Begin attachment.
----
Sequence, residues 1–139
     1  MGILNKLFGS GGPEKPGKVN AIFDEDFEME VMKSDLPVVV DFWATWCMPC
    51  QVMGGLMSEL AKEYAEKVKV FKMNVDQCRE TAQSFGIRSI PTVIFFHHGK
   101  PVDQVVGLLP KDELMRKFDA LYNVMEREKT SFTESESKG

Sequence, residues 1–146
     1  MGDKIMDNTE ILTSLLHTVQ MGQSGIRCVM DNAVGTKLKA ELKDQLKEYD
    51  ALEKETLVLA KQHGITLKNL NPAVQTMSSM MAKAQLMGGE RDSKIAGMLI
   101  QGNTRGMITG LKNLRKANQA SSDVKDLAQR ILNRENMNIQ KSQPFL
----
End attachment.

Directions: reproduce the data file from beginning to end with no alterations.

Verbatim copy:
Sequence, residues 1–139
     1  MGILNKLFGS GGPEKPGKVN AIFDEDFEME VMKSDLPVVV DFWATWCMPC
    51  QVMGGLMSEL AKEYAEKVKV FKMNVDQCRE TAQSFGIRSI PTVIFFHHGK
   101  PVDQVVGLLP KDELMRKFDA LYNVMEREKT SFTESESKG

Sequence, residues 1–146
     1  MGDKIMDNTE ILTSLLHTVQ MGQSGIRCVM DNAVGTKLKA ELKDQLKEYD
    51  ALEKETLVLA KQHGITLKNL NPAVQTMSSM MAKAQLMGGE RDSKIAGMLI
   101  QGNTRGMITG LKNLRKANQA SSDVKDLAQR ILNRENMNIQ KSQPFL